The Fundraising Regulator found that three of Penny Appeal’s programmes had committed five breaches of the code in total.

OrphanKind and Hifz Appeal invited donors to sponsor individual children, implying that the money raised would be used exclusively for the benefit of that child. It was not made clear that, in reality, those children may not benefit directly from individual donations but would benefit indirectly from the accumulated money raised.

Thirst Relief Appeal, which was also examined as part of the investigation, was not found to have misled donors by failing to highlight the potential for reallocation of funds donated for a specific well. However, this appeal was found in breach of the code regarding the use of direct debits.

The regulator found that the FAQs supporting the campaign were ambiguous and did not make it clear that a monthly direct debits would continue after 12 months until the donor cancelled it.

Gerald Oppenheim, chief executive of the Fundraising Regulator, says: “We understand that fundraising appeals encouraging donors to raise money for a particular individual can be very effective. However, we urge all charities which pool the money raised through such appeals to ensure their fundraising material clearly reflects this and inform donors that their donations may not be used exclusively for the benefit of a specific individual or project.”

More charities in breach of fundraising regulations 

There do seem to be quite a lot more charities in breach of the fundraising rules. The Fundraising Regulator’s investigation into SOS Children’s Villages UK and its agency Zen Fundraising Ltd has found both to be in breach of two standards of the Code of Fundraising Practice.

The investigation was launched following a complaint from a member of the public, who detailed and recorded three separate interactions with fundraisers. The regulator found, in the first interaction, that the fundraiser continued to engage the complainant after they indicated that they wanted the interaction to end, in breach of the code. When fundraisers laughed at an offensive remark made by a passer-by, this breached the code sections on politeness.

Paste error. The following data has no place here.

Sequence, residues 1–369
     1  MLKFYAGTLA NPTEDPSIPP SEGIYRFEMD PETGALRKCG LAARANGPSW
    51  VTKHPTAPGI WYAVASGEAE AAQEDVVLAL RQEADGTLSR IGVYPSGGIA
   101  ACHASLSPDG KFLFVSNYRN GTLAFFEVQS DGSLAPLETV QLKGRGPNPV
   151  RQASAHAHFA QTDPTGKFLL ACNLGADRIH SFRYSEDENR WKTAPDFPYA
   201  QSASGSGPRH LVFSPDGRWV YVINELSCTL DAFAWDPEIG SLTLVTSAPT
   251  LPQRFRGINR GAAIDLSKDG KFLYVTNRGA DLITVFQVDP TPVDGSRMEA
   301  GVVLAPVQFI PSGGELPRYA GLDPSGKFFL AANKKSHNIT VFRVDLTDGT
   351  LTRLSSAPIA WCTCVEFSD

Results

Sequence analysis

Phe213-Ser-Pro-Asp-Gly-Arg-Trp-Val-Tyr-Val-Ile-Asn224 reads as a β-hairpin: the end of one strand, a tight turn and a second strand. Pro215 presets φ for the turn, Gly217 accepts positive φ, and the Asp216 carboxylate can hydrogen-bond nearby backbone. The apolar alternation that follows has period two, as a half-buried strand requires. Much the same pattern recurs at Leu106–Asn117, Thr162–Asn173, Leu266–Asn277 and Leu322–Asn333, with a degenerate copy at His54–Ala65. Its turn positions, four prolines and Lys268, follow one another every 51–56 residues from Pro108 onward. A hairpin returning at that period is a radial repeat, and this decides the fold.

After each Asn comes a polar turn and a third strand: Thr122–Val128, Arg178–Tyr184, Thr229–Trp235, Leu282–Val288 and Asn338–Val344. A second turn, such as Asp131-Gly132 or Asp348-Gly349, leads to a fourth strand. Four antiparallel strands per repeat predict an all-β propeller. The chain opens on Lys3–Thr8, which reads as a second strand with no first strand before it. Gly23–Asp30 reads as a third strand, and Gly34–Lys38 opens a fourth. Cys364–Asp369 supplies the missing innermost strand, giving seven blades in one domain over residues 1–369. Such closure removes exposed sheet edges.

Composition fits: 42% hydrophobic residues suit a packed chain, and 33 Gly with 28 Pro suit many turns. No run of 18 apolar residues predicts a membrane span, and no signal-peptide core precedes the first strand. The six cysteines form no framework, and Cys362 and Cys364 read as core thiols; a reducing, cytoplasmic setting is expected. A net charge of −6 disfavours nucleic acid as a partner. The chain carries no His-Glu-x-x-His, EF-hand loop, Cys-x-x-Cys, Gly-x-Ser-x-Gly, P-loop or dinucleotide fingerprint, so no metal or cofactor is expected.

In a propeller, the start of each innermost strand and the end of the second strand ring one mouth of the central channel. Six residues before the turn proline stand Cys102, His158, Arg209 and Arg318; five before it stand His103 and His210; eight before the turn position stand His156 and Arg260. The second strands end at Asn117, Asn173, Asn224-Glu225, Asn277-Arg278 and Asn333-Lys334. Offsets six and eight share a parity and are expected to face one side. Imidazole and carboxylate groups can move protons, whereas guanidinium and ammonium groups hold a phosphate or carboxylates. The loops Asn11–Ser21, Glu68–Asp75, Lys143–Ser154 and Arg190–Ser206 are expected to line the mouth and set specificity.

The regulator did not find the charity or agency to have acted in a manner that was discriminatory and found that SOS Children’s Villages handled the complaint acceptably, taking reasonable steps to investigate the complaint, and seeking to remedy the situation by apologising to the complainant and retraining fundraisers. Both the charity and the agency accepted the findings of the investigation.

 In relation to the investigation into Breast Cancer Now and its contracted fundraising agency APPCO UK, the agency was found to have breached provisions regarding interacting with vulnerable individuals, having taken donations from an individual whom they had good reason to believe lacked capacity. Breast Cancer Now was judged to have breached provision 7.3.1, which calls for charities to ensure that contracted agencies comply with the code.